The situation was so dire that prior to Christmas the Esperance Chamber of Commerce and Industry ran a campaign urging locals to take on a second job.

In many parts of the region, the worker shortage is exacerbated by a lack of properties to rent, making it difficult for people to move to town to take jobs.

Last year the WA government announced those who travelled to the regions to take up jobs could receive travel and accommodation rebates, although this did little to alleviate the problem.

Mr Dwyer believed key to fixing the problem would be reopening borders to overseas workers.

Mr Rundle said the state government needed to prioritise policies that would assist small business owners.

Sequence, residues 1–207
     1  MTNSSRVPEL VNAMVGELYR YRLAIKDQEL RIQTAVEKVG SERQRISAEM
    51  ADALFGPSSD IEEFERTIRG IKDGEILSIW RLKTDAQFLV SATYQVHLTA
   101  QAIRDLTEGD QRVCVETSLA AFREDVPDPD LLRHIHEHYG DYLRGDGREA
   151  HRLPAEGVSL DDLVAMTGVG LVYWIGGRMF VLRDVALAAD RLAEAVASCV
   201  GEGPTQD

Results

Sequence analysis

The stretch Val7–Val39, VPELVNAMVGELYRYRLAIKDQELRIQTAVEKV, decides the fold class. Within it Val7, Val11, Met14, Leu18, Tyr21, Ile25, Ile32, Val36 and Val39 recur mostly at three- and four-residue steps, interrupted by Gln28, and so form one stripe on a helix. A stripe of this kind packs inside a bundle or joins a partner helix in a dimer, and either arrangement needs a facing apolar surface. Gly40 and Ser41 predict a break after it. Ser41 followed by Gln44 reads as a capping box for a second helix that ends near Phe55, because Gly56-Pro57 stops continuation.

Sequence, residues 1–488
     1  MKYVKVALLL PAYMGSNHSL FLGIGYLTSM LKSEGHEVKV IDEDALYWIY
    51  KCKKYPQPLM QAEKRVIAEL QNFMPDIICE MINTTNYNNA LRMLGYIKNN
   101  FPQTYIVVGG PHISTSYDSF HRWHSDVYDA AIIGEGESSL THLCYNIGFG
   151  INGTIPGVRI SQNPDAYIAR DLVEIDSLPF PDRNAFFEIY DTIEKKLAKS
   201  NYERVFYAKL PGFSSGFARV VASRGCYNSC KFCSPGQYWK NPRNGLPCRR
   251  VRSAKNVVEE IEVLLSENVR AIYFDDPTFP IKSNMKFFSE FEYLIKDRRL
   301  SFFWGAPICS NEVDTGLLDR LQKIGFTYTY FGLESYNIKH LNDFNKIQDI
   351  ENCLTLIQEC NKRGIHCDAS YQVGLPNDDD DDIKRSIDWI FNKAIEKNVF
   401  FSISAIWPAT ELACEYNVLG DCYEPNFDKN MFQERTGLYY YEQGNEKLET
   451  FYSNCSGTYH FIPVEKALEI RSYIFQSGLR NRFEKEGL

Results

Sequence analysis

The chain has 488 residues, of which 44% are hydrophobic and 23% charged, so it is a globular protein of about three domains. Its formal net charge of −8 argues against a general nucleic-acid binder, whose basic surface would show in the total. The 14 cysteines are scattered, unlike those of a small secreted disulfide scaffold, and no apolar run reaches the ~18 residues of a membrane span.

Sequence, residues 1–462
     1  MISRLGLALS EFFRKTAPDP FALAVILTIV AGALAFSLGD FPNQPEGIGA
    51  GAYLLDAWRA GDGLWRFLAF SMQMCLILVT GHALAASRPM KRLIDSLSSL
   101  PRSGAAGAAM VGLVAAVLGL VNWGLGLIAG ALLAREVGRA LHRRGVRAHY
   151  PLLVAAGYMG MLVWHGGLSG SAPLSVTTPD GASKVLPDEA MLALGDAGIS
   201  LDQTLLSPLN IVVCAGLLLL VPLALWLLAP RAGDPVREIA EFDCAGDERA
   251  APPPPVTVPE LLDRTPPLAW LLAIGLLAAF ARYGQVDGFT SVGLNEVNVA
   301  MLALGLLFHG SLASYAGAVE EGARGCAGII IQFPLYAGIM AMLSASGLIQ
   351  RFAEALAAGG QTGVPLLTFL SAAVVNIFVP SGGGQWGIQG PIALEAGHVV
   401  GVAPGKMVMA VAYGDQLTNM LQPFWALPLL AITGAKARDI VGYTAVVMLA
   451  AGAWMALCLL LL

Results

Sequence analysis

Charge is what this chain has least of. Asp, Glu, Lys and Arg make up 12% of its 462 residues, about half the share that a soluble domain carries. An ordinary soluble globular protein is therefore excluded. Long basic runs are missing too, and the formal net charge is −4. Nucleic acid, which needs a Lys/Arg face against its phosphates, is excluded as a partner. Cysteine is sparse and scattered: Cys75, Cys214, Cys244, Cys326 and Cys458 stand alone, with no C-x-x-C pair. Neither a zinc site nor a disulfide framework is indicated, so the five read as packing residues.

A truck carrying water.

A farmer carts water from a standpipe at Cascade, an area that was declared water deficient for the first time last year.(

ABC Esperance: Emma Field

)

Water security key concern

Twelve areas were declared water deficient in southern WA last year, with water having to be carted to many of these places.

Esperance Shire President Ian Mickel said a long-term solution could be to build a desalination plant in Esperance and to pipe water inland, while the Wheatbelt shires said upgrades to pipelines and dam refurbishments would help.

Last month, the McGowan government announced a $7.3 million infrastructure plan to upgrade and refurbish 70 community dams in the Wheatbelt and Great Southern regions.

Nationals MP Peter Rundle said the $20m farm water rebate scheme, which reimburses up to $20,000 for applicants to improve water collection or supply works, would significantly help farmers.